Abortion-rights supporters to mark 35th anniversary of Roe v. Wade

Monday, January 21, 2008 | 8:07 p.m. CST; updated 3:38 p.m. CDT, Tuesday, July 22, 2008

COLUMBIA – For the past 35 years, American women have legally been able to have abortions. Tuesday marks the anniversary of the landmark Roe v. Wade Supreme Court decision.

Abortion-rights supporters of Columbia will host events Tuesday and throughout the week to mark the anniversary and raise awareness about the need to keep abortion access in mid-Missouri.

Schedule of Events


• Street Visibility Celebrating 35 Years of Choice 11:30 – 1 p.m., Corner of Broadway and Providence Road • Table event on the Hyde Amendment 9 -3:30 p.m., Hulston Hall, MU


• Myths and Facts – Understanding the Medical Side of Abortion 12 p.m., Nursing School, S255, MU


• Safe Sex Blitz 11:30 – 1 p.m., Speaker’s Circle, MU • Pro-Choice, Pro-Faith Roundtable; 5:30 p.m., Hillel House, MU


• Evening Celebration of 35 Years of Choice with Live Music and Food 6 p.m., The Blue Note, 17 N. Ninth St. Attendees are encouraged to bring an appetizer or dish to share. For more information about these events, please contact Kristin Walle at Columbia Planned Parenthood, 443-0427.

Meanwhile, a Columbia organization opposed to abortion said that while no counter events are planned, the anniversary is a solemn one.

The first celebratory event will begin at lunchtime on Tuesday when residents will gather with signs and hot chocolate at the intersection of Broadway and Providence Road.

Celebration is important, said Michelle Trupiano, lobbyist and public affairs manager for Columbia Planned Parenthood, because “the right to choose a safe and legal abortion is attacked every day. We need to remain aware and energized to keep up the fight.”

Across the U.S., 88 percent of counties do not have an abortion provider, Trupiano said. Abortion is currently available at three clinics in Missouri: in Columbia, St Louis and Kansas City.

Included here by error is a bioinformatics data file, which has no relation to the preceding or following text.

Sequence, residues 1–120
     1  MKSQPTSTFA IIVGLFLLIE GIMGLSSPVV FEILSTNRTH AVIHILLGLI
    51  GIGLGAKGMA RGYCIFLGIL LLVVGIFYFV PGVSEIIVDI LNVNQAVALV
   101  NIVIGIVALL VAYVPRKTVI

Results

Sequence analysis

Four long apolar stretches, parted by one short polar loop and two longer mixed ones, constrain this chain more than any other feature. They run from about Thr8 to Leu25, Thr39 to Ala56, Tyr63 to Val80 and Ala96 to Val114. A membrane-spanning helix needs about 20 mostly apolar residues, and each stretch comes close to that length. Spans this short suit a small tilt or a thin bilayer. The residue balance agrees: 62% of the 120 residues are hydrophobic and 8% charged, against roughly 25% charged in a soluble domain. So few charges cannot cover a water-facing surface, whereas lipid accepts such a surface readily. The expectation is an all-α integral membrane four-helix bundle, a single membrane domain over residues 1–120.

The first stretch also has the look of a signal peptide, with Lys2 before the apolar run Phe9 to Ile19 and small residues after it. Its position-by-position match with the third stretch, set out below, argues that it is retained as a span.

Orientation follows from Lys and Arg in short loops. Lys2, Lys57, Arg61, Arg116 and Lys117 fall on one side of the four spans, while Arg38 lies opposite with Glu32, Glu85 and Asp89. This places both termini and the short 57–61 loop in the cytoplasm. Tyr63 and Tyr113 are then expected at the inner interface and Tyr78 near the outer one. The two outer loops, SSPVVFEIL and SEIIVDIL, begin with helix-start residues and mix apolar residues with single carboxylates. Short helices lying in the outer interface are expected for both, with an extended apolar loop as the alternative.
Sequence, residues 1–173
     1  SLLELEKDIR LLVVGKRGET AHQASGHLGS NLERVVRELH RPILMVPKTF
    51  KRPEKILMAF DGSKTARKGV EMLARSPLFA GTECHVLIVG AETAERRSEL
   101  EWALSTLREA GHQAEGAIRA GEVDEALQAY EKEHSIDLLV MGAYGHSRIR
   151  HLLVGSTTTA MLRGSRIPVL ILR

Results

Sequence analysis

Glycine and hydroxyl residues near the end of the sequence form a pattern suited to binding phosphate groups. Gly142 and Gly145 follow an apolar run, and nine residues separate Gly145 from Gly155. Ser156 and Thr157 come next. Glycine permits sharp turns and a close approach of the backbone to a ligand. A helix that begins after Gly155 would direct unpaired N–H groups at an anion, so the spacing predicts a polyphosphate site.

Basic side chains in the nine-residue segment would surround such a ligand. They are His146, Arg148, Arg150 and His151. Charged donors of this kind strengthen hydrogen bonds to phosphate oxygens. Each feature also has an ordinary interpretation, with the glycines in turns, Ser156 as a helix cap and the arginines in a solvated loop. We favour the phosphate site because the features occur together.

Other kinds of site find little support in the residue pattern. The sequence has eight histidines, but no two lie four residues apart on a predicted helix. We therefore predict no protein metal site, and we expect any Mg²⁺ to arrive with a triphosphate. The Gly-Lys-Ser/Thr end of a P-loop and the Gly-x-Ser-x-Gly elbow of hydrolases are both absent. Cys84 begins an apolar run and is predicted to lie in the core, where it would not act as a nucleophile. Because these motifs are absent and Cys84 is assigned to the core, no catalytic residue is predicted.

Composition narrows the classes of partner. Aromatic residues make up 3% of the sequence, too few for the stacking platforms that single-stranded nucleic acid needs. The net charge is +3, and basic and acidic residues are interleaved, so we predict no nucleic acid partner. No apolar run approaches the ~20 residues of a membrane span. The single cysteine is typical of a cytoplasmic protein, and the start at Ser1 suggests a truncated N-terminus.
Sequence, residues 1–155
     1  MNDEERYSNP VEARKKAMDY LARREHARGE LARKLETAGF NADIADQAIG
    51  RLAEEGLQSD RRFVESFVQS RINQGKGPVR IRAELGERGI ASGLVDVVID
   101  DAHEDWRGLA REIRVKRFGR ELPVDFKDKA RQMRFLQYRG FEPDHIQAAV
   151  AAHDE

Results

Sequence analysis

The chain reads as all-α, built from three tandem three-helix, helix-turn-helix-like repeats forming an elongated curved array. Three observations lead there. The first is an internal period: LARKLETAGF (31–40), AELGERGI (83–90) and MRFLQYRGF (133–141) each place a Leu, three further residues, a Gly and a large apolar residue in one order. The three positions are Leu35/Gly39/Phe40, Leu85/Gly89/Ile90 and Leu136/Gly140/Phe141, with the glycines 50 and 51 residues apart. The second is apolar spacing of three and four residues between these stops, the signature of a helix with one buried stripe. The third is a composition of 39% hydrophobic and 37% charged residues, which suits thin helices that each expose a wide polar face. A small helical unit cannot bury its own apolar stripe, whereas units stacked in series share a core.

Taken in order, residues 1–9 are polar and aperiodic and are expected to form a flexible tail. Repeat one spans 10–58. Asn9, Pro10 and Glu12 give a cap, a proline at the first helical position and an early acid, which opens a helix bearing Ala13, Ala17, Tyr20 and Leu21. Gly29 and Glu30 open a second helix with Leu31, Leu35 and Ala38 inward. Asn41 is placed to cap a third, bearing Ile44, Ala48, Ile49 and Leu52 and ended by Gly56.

A law was passed in 2007 that aimed to close the clinic in Columbia, Trupiano said. The law, currently tied up in court, would require expensive renovations before the clinic would be able to continue to provide surgical services.

“Women often drive two to three hours for abortion access,” Trupiano said. “Yes, abortion became legal, but ever since ... it has been under attack and access to it is minimal.”

The Hyde Amendment, a 1976 law that removed abortion from the list of covered health expenses for low-income women on Medicaid, is another ruling that will be highlighted during Columbia’s Roe v. Wade anniversary week. All day Tuesday in Hulston Hall, members of the MU chapter of Law Students for Reproductive Justice will be providing information about the amendment and the petition to rescind it. “The petition that we are having people sign is just going to be asking them to ask their senator or representative to repeal the Hyde Amendment and make them aware of the problems that (it) causes for low-income women,” said Lauren Sandweiss, the organization’s vice president.